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Current Neutrinos News and Events, Neutrinos News Articles.
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Solar system's ultimate fate
While most scientists want to know how our solar system began, Fred Adams is more interested in how it will end. His prognosis is grim. In the short term, we either freeze or fry. In the long term, we decay. (2000-02-19)

Brookhaven Lab chemist shares the 2000 Wolf Prize in Physics with University of Tokyo scientist for research on neutrinos
Raymond Davis Jr., whose career as a chemist spans 52 years at the U.S. Department of Energy's Brookhaven National Laboratory, will share the 2000 Wolf Prize in Physics with Masatoshi Koshiba, University of Tokyo, Japan. The Wolf Foundation has recognized the scientists (2000-02-03)

Looking for an atom?
A new ultrasensitive trace analysis technique -- able to detect single atoms in a large sample -- has been developed by researchers at Argonne National Laboratory. Called Atom Trap Trace Analysis, the technology holds promise in many fields, from solar-neutrino research to groundwater studies and environmental monitoring. (2000-01-23)

Plasmas in Seattle
Physicist will present the latest discoveries in the most common form of matter in the universe; highlights include a pollution reduction device for cars and a new theory of solar eruptions which disrupt cell phone communications on Earth. (1999-11-02)

North by northwest to catch a neutrino in the act
A century-old radiation detection tool may be pressed into service to see if neutrinos change flavor. The answer may change our models of subatomic particles and the universe. (1999-08-30)

Neutrino hunters break ground underground
A former iron mine --now a Minnesota state park-- will soon be neutrino detector. A groundbreaking ceremony is set for today, July 20 at 1pm. (1999-07-20)

NuMI detector cavern groundbreaking July 20 at Soudan Mine
Scientists and officials of the U.S. Department of Energy, the State of Minnesota, DOE's Fermi National Accelerator Laboratory and the University of Minnesota will break ground in a former iron mine, now a Minnesota state park, to house a new detector to study the subatomic particles called neutrinos. (1999-07-12)

Columbia Physicist Building 800-Ton Vat Of Oil To Observe Elusive Oscillating Neutrino
Janet Conrad, a Columbia University physicist, leads a team building an underground vat of mineral oil to witness muon neutrinos transform themselves into electron neutrinos. Such a transformation would be proof positive that neutrinos have mass, early indications of which have already turned the physics world upside down. (1999-02-16)

There Could Be Whole Worlds Of Invisible Matter Out There
Strange lumps of matter on the outskirts of our Galaxy may be stars from a bizarre (1999-02-10)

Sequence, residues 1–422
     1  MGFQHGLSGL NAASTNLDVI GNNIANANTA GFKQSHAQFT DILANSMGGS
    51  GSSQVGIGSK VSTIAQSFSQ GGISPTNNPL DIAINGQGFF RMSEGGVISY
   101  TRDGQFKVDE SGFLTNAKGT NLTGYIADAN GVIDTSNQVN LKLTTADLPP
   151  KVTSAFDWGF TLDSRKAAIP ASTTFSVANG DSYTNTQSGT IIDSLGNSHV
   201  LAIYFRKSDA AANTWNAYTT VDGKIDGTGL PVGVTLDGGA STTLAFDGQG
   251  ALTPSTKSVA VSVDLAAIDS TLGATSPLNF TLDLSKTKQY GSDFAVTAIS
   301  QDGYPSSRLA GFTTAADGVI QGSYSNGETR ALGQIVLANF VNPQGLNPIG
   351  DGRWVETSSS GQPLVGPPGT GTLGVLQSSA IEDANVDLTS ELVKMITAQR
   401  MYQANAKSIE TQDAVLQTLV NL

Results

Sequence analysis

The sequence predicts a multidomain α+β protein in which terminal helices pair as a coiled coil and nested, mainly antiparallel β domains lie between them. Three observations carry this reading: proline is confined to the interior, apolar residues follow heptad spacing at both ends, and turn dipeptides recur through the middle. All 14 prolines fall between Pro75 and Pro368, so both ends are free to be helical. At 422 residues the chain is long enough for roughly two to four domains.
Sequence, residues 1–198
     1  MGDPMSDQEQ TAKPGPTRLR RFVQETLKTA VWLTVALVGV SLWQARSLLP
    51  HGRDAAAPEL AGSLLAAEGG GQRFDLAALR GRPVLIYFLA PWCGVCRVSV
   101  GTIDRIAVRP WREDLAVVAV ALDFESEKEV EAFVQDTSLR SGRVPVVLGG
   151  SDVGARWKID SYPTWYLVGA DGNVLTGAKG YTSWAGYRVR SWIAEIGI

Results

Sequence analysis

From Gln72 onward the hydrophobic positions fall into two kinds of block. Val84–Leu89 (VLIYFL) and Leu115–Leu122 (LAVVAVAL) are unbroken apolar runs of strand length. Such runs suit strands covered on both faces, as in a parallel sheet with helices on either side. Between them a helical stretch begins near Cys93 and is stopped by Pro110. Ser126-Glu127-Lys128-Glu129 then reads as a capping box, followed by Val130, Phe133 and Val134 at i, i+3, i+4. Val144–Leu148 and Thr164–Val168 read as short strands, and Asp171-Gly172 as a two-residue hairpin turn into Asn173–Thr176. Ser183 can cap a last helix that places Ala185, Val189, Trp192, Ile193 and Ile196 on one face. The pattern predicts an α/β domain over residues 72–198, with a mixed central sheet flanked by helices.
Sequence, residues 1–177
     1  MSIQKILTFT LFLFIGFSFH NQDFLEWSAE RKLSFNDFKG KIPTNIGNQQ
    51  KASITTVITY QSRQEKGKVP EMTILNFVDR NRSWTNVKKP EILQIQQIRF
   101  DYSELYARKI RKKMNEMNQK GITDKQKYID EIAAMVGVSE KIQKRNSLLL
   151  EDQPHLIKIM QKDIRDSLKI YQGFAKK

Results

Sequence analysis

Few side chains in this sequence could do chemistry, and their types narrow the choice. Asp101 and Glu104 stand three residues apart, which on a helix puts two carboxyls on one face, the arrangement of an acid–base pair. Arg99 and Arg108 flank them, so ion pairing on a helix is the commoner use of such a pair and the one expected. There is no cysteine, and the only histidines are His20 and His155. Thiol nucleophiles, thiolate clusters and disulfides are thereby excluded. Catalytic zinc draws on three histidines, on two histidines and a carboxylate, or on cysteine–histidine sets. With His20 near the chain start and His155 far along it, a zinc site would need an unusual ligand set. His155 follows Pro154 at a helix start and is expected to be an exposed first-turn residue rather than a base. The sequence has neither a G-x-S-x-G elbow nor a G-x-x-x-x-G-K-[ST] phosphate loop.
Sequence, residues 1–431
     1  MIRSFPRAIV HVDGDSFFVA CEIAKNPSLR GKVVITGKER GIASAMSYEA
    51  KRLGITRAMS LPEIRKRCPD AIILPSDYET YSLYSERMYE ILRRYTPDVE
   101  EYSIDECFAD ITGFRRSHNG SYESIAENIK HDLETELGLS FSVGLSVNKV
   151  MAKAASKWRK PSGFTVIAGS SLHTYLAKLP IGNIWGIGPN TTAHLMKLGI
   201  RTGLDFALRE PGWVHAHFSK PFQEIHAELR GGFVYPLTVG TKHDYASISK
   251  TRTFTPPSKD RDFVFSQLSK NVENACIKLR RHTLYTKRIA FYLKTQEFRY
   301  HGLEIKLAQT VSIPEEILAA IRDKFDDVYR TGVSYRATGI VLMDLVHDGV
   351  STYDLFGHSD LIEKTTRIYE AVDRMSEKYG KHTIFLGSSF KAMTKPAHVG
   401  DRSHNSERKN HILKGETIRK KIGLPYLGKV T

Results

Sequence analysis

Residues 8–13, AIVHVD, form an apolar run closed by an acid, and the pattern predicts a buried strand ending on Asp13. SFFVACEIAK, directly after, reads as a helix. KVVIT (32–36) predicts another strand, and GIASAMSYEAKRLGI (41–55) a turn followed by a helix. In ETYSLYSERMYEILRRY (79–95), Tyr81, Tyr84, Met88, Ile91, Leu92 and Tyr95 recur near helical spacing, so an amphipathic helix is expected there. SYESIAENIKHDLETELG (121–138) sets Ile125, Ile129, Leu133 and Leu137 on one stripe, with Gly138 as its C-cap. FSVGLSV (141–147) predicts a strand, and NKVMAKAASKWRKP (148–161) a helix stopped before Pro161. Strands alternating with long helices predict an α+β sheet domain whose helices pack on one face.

Superfast Jets From Expoding Stars Could Explain Cosmic Speed Freaks
Gamma-ray bursts may be produced by the debris expelled from a supernova in a hyperfast jet, according to an astronomer in New Jersey. His theory would also explain why some pulsars are moving at speeds ten times faster than ordinary stars. (1998-09-16)

Physicists Find Evidence That Neutrinos Have Mass
A Japan-U.S. physics collaboration that includes a team from the University of Washington has found evidence indicating that subatomic particles known as neutrinos have mass. The findings counter assumptions in the Standard Model of particle physics, which has held that the electrically neutral, weakly interacting particles have no mass. (1998-06-05)

Scientists Discover That Neutrinos Have Mass
Scientists from the US and Japan have found the first evidence that neutrinos have mass. This finding may have significant implications in the debate over whether the universe has enough mass to halt the outward expansion of the universe and may lead to a unified explanation of its basic nature. (1998-06-04)

Why Neutron Stars And White Dwarfs Rotate: Kicks At Birth, Not Inheritance
Scientists at the Max Planck Institute for Astrophysics and at Caltech explain in (1998-05-26)

Understanding Dark Matter: At UD, Bartol Researcher's Cosmic Pursuits Earn Prestigious Humboldt Prize
The famous Polish astronomer, Nicolaus Copernicus (1473- 1543), forever changed our world-view by arguing that the Earth is not, in fact, the center of the universe. Today, Qaisar Shafi of the Bartol Research Institute at the University of Delaware is taking that argument one step further. Roughly 90 percent of galaxies and other large cosmic structures is invisible (1998-03-03)

Twenty-Eight Day Cycle Found In Solar Neutrinos
Stanford researchers have found evidence for a 28-day cycle in the solar neutrino flux. One explanation is that the flux is modulated by intense magnetic fields in the solar interior, even though this requires (1997-12-20)

1997-98 Antarctic Research Season Underway
A new research season is underway in Antarctica, encompassing 175 research projects supported by the National Science Foundation (NSF), the federal agency that funds and manages the U.S. Antarctic Program. (1997-11-06)

The Elusive Neutrino May Not Be Disappearing, But Simply Changing "Flavor"
The elusive neutrino seemingly appears and disappears at will, and it seems to be more wisp than substance. But a University of Washington researcher reports there is growing evidence that the ghostly particle has a mass, and that it may not be disappearing at all, but cloaking itself in another form (1997-04-18)

GONG Results Illuminate Sun
Solar theorists from Los Alamos and other institutions have seen their models of the sun mostly validated by new results from the GONG project, and been presented new challenges by the observations of sound waves rippling across the sun's surface (1996-05-31)

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